Washing hands a critical part of sickness and disease prevention

Hand washing was not considered to be an important part of health until 1846, when a Hungarian doctor noticed at his hospital there was a much higher death rate in the physician-run maternity ward compared to the maternity ward run by midwives. After exploring many theories, he realized the difference was that the doctors did things such as autopsies, then delivered babies, while the midwives did not. No one washed hands or instruments as a common practice at the time. So, he instructed the doctors to wash their hands and instruments, and the death rate went down.

Germs and harmful chemicals can get on our hands every day by simply touching things, then can live for up to many hours. Studies have shown that people can touch their eyes, nose and mouth about 25 times every hour without noticing their own behavior, which could lead to all kinds of bacteria-related illnesses if it weren’t for proper cleaning and hygiene such as hand washing.

Hand washing is the single most important thing you can do to stay healthy, avoid getting sick and prevent spreading germs to others.

Hand hygiene is easy. Get your hands completely clean by following these simple steps: Wet your hands; apply soap and lather; scrub your hands (even the backs of your hands, between your fingers and underneath your fingernails); and rinse and dry your hands using a dry, clean cloth or paper towel or an electric or air hand dryer. It is best to wash your hands with soap and clean running water for 20 seconds, or about the time it takes to sing “Happy Birthday” twice.

Dry hands thoroughly since wet hands can pick up and transfer more contamination than dry hands. Avoid contact with contaminated surfaces such as the sink, faucet handles, towel dispenser cranks or levers that can result in cross-contamination. Use a paper towel to pull open the exit door handle from the public restroom.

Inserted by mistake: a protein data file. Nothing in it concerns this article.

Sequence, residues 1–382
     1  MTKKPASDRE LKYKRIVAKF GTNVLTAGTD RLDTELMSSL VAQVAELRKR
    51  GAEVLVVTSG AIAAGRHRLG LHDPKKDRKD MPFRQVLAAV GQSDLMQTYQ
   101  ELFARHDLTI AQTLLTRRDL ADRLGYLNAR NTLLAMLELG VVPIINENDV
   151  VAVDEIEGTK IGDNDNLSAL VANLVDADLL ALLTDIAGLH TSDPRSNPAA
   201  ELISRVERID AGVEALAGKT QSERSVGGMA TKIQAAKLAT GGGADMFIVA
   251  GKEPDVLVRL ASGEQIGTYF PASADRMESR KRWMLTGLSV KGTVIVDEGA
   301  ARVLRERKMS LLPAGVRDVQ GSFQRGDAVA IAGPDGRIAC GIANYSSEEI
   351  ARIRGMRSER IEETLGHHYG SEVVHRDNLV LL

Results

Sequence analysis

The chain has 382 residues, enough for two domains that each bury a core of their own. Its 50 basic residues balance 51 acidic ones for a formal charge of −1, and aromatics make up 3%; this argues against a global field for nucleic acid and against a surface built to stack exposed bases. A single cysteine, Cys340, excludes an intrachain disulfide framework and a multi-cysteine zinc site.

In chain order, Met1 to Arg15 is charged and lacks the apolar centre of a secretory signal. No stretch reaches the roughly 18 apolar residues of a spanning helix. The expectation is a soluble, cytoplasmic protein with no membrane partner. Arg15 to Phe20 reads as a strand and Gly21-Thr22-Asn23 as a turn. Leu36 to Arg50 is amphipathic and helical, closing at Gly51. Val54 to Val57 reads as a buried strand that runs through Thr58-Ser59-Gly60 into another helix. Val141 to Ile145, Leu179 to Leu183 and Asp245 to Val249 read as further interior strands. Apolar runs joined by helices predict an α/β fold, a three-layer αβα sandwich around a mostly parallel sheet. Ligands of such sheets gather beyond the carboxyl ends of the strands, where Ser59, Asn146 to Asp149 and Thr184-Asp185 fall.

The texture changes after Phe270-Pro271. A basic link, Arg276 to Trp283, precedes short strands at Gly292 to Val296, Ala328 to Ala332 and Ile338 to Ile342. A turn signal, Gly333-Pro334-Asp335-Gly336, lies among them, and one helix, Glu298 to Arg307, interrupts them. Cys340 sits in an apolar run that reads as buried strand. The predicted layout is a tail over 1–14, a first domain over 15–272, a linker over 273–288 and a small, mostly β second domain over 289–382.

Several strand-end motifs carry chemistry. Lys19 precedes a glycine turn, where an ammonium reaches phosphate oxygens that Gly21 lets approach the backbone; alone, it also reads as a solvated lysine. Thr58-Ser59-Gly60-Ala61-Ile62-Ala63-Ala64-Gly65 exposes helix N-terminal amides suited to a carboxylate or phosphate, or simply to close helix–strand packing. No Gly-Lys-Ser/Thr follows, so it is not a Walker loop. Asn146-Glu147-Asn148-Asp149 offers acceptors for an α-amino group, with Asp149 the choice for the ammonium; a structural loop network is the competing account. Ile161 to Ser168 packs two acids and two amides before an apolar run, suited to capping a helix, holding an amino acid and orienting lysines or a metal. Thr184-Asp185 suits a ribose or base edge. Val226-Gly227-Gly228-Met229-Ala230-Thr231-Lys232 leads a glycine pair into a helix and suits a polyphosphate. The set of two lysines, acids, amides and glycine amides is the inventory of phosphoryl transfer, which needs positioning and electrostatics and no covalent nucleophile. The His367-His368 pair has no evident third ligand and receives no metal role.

Alcohol-based hand sanitizer should be viewed as an addition to hand washing and drying, not a replacement. Hands must be clean and free of grease and grime for instant hand sanitizer to work properly. Instant hand sanitizer can be used if there is no visible soil to reduce the risk of cross-contamination. However, this sanitizer can be harsh and cause excessive dryness to your hands.

When Should You Wash Your Hands? The Centers for Disease Control (CDC) recommends:

·Before preparing or eating food;

· After going to the restroom;

·After changing diapers or cleaning up a child who has gone to the restroom;

·Before and after tending to someone who is sick;

·After blowing your nose, coughing or sneezing;

·After handling an animal or animal waste;

· After handling garbage;

·Before and after treating a cut or wound.

What will happen to you if you don’t wash your hands? Here are some other consequences to consider:

– You could infect someone with a compromised immune system without hand washing. Those with compromised immune systems, such as infants and the elderly, can’t fight off diseases the same way most others can.

– You might expose yourself to food poisoning without hand washing. Most foodborne illnesses are spread by people touching contaminated foods and not properly sanitizing afterward.

– You could be at a greater risk for contracting Hepatitis A without hand washing.  It can lead to fever, jaundice, nausea, and possibly death. Last year, there was an outbreak in San Diego County that began right here in East County, which killed hundreds of local homeless residents and several others.

– On average, about 30 percent of diarrhea-related illnesses can be prevented just by washing your hands.

– Even if you wash your hands often, remember to use handwipes when possible at the grocery store and in other public places where many other people have handled the shopping cart or object(s) you are touching. Many grocery stores should have free sanitizing hand wipes available. If the container is empty, ask for an employee to fill it, or, have some of your own with you.

– Remember that illness has a big price tag. It can range from the over the counter items such as tissues, soups, fruit juices, pain relievers, cough medications, work sick calls, doctor visits, urgent care and clinic trips to the costliest stays in the hospital.

A little soap and water goes a long way, and in some cases, like with the flu or Hep A, it can save lives.